What should you not do in a British pub?

The British pub, often considered the heart and soul of British social life, is a unique institution that holds a special place in the hearts of the nation. A visit to a British pub can be a delightful experience, filled with camaraderie, laughter, and good cheer. However, as a newcomer or even a regular patron, it’s essential to be aware of the unspoken rules and etiquettes that govern the atmosphere of these beloved establishments. In this article, we’ll explore some of the things you should avoid doing in a British pub to ensure you have a pleasant and respectful time.

Don’t Skip the Queue

Queuing, or waiting in line, is a quintessential part of British culture. It’s a show of respect for others and a way to maintain order. In a busy pub, especially at the bar, you’ll often find a line of people waiting their turn to order drinks. Cutting in front of someone is considered rude and can lead to disapproving looks or even confrontations. So, always join the queue and wait your turn.

Don’t Forget to Mind Your P’s and Q’s

Politeness and civility are highly valued in British culture. Saying “please” and “thank you” goes a long way in ensuring a pleasant pub experience. When ordering your drink, make sure to use these courteous words. It’s a small gesture that reflects well on you and helps maintain a friendly atmosphere.

Don’t Talk Loudly

British pubs are known for their cozy, intimate settings where people come to enjoy conversation with friends and acquaintances. Speaking loudly or shouting can disrupt the ambiance and annoy fellow patrons. So, keep your voice at a moderate level and be mindful of the volume of your conversation, especially in smaller, quieter pubs.

Don’t Assume You Can Pay with Card Everywhere

While many British pubs now accept card payments, especially in urban areas, some traditional or rural establishments may still prefer cash. It’s always a good idea to carry some cash with you, just in case. Before ordering, check with the bar staff about their payment preferences to avoid any awkward moments.

Don’t Hog the Bar

During busy times, the bar area can get crowded, with people vying for the bartender’s attention. It’s important to order efficiently and step aside once you’ve been served, allowing others to place their orders. Lingering at the bar, especially during peak hours, is generally frowned upon.

Don’t Play the Jukebox Too Loud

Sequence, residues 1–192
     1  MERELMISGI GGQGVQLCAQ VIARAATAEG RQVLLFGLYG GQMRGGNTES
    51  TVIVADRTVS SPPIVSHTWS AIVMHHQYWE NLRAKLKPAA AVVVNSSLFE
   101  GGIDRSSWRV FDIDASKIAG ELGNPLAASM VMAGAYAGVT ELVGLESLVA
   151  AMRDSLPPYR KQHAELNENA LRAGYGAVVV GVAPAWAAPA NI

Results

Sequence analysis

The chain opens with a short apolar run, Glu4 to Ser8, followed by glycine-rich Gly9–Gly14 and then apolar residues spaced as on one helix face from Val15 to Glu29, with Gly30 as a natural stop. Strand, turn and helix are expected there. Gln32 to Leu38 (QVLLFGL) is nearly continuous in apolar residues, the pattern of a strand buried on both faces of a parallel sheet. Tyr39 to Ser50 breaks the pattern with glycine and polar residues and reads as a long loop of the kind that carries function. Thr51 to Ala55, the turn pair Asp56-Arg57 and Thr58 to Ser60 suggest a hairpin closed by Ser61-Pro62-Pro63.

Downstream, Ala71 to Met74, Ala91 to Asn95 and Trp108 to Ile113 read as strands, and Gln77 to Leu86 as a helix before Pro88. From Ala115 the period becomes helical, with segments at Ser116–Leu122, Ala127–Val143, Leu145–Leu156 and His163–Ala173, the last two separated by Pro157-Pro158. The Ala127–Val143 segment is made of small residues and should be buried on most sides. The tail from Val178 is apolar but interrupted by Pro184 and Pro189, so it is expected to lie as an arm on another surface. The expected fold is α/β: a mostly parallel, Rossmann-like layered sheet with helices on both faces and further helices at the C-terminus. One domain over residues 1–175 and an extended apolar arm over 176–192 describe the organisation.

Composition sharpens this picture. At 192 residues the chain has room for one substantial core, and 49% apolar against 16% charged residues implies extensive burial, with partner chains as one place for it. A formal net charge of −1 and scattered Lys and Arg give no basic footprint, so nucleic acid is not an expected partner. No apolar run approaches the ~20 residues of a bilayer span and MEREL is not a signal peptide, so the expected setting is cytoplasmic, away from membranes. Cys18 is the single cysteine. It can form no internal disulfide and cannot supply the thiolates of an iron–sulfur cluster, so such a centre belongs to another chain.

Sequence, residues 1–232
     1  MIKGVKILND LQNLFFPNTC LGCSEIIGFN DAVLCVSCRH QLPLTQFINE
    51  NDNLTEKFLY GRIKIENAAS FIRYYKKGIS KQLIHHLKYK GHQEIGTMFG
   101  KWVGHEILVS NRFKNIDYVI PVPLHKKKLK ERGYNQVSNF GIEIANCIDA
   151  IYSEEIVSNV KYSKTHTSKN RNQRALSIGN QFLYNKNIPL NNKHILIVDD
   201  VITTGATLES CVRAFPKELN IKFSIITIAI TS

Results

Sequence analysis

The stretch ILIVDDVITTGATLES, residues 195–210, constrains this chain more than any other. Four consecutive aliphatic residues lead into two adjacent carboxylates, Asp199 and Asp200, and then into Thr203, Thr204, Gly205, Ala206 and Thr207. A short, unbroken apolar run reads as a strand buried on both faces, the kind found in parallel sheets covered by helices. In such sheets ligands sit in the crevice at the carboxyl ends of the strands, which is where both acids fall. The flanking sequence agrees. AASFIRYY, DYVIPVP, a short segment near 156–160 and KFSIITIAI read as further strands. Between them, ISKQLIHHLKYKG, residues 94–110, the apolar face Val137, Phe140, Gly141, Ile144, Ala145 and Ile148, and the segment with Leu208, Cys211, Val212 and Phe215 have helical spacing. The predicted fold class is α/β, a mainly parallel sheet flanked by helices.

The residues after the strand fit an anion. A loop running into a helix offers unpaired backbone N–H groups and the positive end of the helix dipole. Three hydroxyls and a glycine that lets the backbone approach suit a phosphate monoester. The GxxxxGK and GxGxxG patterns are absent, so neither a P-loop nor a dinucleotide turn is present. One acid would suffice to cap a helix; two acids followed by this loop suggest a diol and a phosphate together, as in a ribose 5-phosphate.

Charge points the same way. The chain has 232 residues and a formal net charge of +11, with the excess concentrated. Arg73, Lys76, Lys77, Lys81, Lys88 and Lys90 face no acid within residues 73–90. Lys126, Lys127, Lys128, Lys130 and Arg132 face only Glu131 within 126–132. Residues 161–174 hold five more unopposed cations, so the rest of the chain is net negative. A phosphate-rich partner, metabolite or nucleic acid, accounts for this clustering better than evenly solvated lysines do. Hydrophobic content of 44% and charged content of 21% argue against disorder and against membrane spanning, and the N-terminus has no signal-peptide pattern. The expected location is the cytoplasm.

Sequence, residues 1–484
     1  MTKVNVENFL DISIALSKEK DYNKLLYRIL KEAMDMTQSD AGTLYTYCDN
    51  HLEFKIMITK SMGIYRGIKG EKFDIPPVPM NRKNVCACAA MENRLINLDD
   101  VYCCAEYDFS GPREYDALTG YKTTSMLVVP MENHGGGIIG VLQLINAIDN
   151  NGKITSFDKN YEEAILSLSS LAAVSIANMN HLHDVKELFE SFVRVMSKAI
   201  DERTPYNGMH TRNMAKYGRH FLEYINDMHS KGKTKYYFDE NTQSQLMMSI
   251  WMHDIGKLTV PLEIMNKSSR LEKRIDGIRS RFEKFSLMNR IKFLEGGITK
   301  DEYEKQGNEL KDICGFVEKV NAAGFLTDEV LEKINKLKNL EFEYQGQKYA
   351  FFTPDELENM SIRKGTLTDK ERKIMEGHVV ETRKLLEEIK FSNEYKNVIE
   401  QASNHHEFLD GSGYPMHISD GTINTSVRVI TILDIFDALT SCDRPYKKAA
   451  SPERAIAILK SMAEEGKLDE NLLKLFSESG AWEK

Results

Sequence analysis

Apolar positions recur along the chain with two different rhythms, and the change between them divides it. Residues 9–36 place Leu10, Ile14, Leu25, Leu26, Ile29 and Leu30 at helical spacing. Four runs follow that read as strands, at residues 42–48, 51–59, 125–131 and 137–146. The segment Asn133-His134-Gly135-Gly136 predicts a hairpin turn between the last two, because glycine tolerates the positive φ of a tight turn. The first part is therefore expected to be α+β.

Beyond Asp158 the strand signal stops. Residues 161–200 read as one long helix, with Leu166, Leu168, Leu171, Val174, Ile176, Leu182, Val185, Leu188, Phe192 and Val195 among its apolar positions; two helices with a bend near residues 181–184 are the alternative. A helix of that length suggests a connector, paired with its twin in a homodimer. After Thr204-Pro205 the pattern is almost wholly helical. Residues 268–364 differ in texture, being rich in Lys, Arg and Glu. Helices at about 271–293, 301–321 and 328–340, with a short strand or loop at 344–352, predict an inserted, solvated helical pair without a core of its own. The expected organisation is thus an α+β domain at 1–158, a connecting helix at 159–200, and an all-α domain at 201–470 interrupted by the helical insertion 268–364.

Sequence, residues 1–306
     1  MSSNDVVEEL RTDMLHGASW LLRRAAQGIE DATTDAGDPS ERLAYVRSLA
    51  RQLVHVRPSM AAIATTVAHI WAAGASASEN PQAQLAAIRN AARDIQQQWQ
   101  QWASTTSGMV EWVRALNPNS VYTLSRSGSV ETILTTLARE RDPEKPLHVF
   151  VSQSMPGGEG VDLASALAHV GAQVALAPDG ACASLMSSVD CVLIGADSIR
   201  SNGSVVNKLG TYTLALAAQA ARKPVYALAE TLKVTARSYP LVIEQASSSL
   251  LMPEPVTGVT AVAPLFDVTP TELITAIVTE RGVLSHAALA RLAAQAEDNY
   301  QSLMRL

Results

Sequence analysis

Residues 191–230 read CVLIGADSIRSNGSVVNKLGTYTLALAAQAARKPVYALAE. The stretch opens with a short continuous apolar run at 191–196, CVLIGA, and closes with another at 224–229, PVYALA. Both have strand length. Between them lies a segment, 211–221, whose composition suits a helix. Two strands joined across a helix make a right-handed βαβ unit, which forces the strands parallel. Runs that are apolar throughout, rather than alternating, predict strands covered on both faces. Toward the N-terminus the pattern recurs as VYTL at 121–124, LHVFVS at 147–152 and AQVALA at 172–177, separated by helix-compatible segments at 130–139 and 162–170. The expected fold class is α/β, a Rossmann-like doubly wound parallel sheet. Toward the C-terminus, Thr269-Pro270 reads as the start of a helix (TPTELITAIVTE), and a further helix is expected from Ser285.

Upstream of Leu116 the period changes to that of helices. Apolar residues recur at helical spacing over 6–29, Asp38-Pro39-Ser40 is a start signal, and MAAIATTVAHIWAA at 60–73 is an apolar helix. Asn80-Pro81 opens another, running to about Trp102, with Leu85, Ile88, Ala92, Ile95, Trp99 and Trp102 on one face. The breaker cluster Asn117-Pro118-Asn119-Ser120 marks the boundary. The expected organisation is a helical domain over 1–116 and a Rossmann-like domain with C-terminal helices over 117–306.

Many British pubs have a jukebox or background music playing, creating a pleasant atmosphere. If you decide to choose some tunes, be mindful of the volume. Playing music excessively loud can be disruptive and may lead to complaints from other patrons. Ensure your choice of songs enhances the pub experience for everyone.

Don’t Reserve Tables Without Ordering

In some pubs, especially those with limited seating, it’s common for patrons to reserve tables by placing their coats or bags on them. This is generally accepted, but it comes with a condition: you should order drinks or food within a reasonable time. Hogging a table without making any purchases is seen as inconsiderate, especially when the pub is busy.

Don’t Forget to Tip

Tipping is customary in British pubs, though it may not be as generous as in some other countries. Generally, rounding up to the nearest pound or leaving small change as a tip for the bartender is appreciated. If you receive table service, a 10% tip is considered generous. However, tipping is entirely optional, and the level of service should guide your decision.

Don’t Touch Other People’s Drinks

Respecting personal space is essential in any social setting, and this includes respecting the space around someone’s drink. Avoid touching or reaching for someone else’s glass, even if it seems like a harmless gesture. If you need to get past someone’s drink, politely ask them to move it for you.

Don’t Complain About Warm Beer

British beer, especially ales and bitters, are often served at cellar temperature, which is slightly warmer than the fridge-cold temperatures common in some other countries. Complaining about the temperature of your beer can be seen as an indication of your lack of understanding of local customs. Embrace the warmth and savor the rich flavors of British ales.

Don’t Ignore the Pub Dog

Many traditional British pubs are home to friendly pub dogs. These furry companions are a cherished part of the pub culture and are usually well-behaved. If you encounter a pub dog, be sure to ask the owner for permission before petting or feeding it. Ignoring the pub dog or mistreating it is considered disrespectful.

Don’t Talk Football (Soccer) Too Aggressively

Football (soccer) is a passionate topic of discussion in British pubs. However, it’s essential to tread lightly and not become overly aggressive in your support for a particular team, especially when your opinions differ from those around you. Heated debates are part of the fun, but respect for others’ opinions is key to maintaining a friendly atmosphere.


The British pub is a cultural institution that welcomes people from all walks of life. By adhering to the unspoken rules of etiquette and respecting the traditions that govern these establishments, you can have a truly enjoyable and authentic experience. Remember to queue patiently, use your manners, keep the noise down, and embrace the local customs, and you’ll find yourself welcomed with open arms into the warm and inviting world of British pub culture. So, when you next find yourself in a British pub, raise your glass, make a toast, and enjoy the camaraderie of this unique social hub, all while respecting the established norms of this cherished British institution.